How many times had she read the message?
The fair is huge – I can’t describe it. Can’t wait to see the airships!
Perhaps he’d really meant to say, “Wish you were here to see it all with me.”
But then he’d signed it Yours, Will Morris as if they hardly knew each other. There hadn’t been a peep of gossip below stairs about “that boy” and neither Lady Florence nor Miss Allbright had mentioned him at all. But why would they? And, of course, Emily couldn’t ask.
“Mind you, Mrs Wiggan is all puffed up because his Majesty commended her on her ptarmigan pie,” Alice had chattered on. “Now he’s demanding asparagus; at this time of year! There are so many mouths to feed with all the guests and their servants, and beaters for the shooting. Mr Mott’s brought in all the winter vegetables, and Mrs Wiggan’s used up everything she’s bottled!”
“Emily!” Lady Florence’s wails made Emily jump, the curling tongs wobbling dangerously in her sweating hand.
“Miss Allbright, please may I dress your hair in a moment? I’ll just set these down. Do take care.”
“Go on, you poor little thing. If I’m late I’ll just make a more dramatic appearance.”
“Thank you, Miss Allbright.” Emily dashed off.
Could things go on like this until Christmas? Then there was the wedding in March, the first event of the Season, and she would again be run off her feet. She’d proved herself capable of the position for which she’d been hired, but now it seemed that Lady Farrington was moving the fences higher, the same way Emily had seen his Lordship’s trainer do out in the field behind the paddocks. Emily feared that, if things continued, she’d end up in a sprawling heap.
“Here I am, Lady Florence.”
“This is outrageous, Emily! Mama took you on as my lady’s maid, and now I am constantly left on my own! How am I to cope?”
“I beg your pardon, my lady. I’ve been trying to see to both of your needs.”
“Well, it isn’t good enough. I shall tell Mama that this new arrangement simply isn’t working. If you are to do two jobs, then your first duty must always be to me. Surely you should know that by now!”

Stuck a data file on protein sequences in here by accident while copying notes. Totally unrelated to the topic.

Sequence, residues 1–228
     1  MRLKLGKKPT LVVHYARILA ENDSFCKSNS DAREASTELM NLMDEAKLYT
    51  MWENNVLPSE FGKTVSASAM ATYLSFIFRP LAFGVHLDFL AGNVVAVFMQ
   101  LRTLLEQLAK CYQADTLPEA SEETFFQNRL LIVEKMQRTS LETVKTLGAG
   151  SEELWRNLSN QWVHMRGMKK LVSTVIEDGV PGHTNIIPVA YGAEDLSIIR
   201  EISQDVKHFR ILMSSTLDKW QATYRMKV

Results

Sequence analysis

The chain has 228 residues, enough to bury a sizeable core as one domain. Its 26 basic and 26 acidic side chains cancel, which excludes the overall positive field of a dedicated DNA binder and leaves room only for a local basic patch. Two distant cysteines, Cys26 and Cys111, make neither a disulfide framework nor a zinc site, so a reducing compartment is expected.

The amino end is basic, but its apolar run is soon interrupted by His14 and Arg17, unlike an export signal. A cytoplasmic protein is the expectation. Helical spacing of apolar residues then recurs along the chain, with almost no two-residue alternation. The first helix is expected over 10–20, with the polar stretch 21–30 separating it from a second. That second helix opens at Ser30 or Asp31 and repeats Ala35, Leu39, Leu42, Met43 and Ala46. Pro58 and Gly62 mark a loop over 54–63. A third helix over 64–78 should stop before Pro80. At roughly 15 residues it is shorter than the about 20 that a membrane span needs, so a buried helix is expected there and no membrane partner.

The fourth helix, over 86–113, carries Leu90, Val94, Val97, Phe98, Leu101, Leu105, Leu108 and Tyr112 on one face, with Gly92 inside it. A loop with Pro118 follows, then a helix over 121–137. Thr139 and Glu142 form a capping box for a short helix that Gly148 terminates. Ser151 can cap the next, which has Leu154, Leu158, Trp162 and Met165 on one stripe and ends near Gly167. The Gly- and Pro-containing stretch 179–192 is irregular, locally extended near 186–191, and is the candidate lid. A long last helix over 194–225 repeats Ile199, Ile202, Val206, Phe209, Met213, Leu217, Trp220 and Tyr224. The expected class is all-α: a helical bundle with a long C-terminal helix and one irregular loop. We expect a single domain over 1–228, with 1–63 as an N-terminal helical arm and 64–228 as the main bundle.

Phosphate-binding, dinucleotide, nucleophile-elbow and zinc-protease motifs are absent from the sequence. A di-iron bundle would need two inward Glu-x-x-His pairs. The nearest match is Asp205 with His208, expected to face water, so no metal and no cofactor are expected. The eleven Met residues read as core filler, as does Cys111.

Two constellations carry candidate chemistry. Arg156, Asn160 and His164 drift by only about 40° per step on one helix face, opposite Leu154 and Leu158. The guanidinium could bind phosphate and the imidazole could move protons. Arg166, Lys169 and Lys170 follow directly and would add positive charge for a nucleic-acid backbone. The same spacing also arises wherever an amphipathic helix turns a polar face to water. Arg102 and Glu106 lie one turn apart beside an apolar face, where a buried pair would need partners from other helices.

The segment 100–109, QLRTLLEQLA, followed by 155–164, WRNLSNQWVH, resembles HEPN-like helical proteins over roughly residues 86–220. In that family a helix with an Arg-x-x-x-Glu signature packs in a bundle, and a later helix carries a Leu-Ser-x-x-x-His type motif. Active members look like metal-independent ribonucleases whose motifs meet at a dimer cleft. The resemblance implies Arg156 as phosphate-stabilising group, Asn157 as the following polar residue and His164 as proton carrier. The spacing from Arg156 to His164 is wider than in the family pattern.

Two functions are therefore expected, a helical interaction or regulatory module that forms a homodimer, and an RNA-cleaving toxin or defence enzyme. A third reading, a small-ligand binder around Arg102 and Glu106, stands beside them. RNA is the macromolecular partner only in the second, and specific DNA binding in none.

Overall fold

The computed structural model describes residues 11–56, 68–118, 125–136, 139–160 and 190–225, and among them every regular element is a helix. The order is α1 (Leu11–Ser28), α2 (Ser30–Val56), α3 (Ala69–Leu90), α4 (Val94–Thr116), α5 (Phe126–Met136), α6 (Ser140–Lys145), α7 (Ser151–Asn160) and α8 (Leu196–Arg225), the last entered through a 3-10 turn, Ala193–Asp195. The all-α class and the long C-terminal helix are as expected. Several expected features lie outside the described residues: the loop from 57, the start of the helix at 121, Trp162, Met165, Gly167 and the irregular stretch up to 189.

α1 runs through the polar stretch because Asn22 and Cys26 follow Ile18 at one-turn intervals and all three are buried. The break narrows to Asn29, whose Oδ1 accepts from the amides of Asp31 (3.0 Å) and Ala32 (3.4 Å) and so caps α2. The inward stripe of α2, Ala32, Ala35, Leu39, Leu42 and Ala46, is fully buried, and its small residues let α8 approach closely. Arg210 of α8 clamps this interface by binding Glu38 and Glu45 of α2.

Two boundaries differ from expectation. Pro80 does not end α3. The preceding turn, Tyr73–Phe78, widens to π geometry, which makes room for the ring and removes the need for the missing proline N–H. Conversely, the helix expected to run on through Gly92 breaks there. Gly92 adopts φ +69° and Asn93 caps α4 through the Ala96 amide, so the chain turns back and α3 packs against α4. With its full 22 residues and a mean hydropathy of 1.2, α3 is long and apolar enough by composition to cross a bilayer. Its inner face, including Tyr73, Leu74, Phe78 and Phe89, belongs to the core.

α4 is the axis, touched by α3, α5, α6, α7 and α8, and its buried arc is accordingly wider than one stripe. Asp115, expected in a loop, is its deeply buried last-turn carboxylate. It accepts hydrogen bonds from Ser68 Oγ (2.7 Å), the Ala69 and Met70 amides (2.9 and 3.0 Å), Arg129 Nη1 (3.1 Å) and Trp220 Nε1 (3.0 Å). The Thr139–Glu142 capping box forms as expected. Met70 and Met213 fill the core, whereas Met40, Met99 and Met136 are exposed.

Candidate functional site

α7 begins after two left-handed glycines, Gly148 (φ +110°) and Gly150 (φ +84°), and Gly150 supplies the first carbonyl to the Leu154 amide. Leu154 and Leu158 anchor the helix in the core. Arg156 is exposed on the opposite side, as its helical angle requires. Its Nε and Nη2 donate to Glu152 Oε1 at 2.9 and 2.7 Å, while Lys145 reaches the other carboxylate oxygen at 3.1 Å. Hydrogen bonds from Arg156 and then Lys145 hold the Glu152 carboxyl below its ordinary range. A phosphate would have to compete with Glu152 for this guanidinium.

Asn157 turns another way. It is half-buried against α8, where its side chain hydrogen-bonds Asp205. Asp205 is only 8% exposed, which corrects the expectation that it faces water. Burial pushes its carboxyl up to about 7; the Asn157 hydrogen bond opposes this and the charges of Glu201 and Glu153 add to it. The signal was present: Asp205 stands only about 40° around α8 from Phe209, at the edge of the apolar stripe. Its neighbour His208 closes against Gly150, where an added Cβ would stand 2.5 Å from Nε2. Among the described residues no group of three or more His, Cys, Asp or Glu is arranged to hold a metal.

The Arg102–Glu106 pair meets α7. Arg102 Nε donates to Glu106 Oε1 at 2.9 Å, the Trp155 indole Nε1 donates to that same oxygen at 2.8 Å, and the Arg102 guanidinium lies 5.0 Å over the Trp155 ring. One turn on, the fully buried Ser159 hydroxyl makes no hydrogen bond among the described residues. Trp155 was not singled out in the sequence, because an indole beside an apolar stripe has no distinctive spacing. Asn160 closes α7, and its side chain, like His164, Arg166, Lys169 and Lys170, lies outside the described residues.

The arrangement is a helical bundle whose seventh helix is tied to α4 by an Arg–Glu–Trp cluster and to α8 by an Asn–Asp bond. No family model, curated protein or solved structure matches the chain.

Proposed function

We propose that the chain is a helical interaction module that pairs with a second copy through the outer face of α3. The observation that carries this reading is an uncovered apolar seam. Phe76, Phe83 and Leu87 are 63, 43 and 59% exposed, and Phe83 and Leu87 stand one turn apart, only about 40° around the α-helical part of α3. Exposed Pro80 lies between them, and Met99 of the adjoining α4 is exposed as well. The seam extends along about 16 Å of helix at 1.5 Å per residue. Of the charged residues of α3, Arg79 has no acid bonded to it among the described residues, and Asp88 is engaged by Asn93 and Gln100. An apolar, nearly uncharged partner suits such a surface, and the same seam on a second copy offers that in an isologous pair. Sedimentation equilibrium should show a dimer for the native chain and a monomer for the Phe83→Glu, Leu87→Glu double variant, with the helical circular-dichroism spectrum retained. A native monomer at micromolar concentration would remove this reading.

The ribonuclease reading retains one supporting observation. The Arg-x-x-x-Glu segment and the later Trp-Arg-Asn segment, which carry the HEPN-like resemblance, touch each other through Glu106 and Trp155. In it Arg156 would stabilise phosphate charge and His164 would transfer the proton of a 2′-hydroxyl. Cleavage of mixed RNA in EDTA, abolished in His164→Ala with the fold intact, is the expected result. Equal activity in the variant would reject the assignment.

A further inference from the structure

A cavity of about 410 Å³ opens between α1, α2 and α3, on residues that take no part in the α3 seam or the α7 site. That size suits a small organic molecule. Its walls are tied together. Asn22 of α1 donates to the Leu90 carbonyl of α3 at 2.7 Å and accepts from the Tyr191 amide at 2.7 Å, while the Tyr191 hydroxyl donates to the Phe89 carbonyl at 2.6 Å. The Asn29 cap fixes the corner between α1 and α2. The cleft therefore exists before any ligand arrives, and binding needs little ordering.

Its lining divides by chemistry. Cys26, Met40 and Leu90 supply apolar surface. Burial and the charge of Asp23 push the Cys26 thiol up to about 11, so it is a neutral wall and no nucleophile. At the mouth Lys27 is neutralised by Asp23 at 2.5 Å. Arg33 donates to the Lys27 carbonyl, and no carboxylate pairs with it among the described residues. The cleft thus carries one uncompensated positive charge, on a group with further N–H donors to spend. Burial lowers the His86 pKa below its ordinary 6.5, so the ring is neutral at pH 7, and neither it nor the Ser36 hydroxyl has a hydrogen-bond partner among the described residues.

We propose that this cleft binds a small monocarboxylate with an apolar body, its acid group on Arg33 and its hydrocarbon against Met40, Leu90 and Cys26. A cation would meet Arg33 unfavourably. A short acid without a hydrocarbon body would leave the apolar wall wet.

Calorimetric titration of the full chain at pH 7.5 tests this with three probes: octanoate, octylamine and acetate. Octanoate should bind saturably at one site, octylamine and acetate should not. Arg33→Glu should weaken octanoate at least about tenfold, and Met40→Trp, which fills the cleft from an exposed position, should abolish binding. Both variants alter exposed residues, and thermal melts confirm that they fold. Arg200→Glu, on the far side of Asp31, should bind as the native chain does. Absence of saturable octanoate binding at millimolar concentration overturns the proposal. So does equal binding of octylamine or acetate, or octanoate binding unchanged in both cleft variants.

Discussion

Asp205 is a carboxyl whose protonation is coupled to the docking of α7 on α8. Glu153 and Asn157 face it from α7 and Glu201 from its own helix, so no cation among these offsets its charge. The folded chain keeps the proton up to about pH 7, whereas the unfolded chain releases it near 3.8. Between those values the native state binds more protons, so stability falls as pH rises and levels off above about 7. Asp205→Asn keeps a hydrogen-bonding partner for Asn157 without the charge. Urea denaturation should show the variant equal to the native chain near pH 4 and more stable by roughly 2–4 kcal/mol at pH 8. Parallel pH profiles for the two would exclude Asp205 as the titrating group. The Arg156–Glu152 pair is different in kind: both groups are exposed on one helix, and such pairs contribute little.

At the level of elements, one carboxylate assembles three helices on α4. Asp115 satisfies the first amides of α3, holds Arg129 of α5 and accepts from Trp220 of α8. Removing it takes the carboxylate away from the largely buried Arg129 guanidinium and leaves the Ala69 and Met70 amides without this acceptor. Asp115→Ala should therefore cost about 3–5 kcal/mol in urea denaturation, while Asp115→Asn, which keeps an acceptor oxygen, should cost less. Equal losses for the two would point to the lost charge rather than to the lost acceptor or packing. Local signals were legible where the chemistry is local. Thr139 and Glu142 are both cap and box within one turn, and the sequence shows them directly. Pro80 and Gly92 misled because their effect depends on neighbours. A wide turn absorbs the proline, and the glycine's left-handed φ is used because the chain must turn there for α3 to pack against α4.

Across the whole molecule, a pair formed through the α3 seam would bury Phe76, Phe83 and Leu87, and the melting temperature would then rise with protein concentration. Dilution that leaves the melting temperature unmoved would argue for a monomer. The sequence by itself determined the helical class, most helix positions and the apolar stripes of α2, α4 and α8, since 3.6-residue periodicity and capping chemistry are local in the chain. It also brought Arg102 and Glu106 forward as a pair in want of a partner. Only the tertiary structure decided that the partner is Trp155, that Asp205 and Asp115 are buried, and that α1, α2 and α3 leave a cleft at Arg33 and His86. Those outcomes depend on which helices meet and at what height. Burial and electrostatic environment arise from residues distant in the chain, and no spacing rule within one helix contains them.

Lady Florence glared into the mirror, fiddling with an unruly chestnut curl.
“Just look at me! I shall never be ready on time. Theodora should have brought along her own lady’s maid, or whatever they call them in America – if they even have servants there. She talks to you in such a familiar way, you’d think you were equals!”
It was as if a sudden chill had invaded the room. A red-hot rage had crept up from Emily’s feet, filling every part of her. Then something worse than anger began to well up. Not since her mother died had Emily wept, with sobs that had shaken her to the core. But never after that. Instead, since the age of twelve there had been flashing eyes, with her mouth set in a line and her chin tilted upwards.
Now, as she stood in frozen silence, Emily felt something within her close to breaking. As if she didn’t know her place; as if she didn’t know that, no matter how hard she worked, in the end it didn’t matter! If they were equals, she could have asked Miss Allbright the question that burned in her heart. What had happened to Will?
Anger welled up. How she would love to yank open the vast wardrobe, snatch the gown she’d ingeniously adorned and fling it across the room!
Then she took a deep breath and opened the wardrobe.
“I’ve attached a bit of trimming to your gown for this evening, my lady,” she said quietly. “I think it will be most flattering, and eye-catching, too, through not being, well, as flamboyant as some.”
Lady Florence’s scowl softened instantly.
“Where is ”
But her question was cut off by an agonised shriek from Theodora’s room.
“Emily, my hair! What have I done?”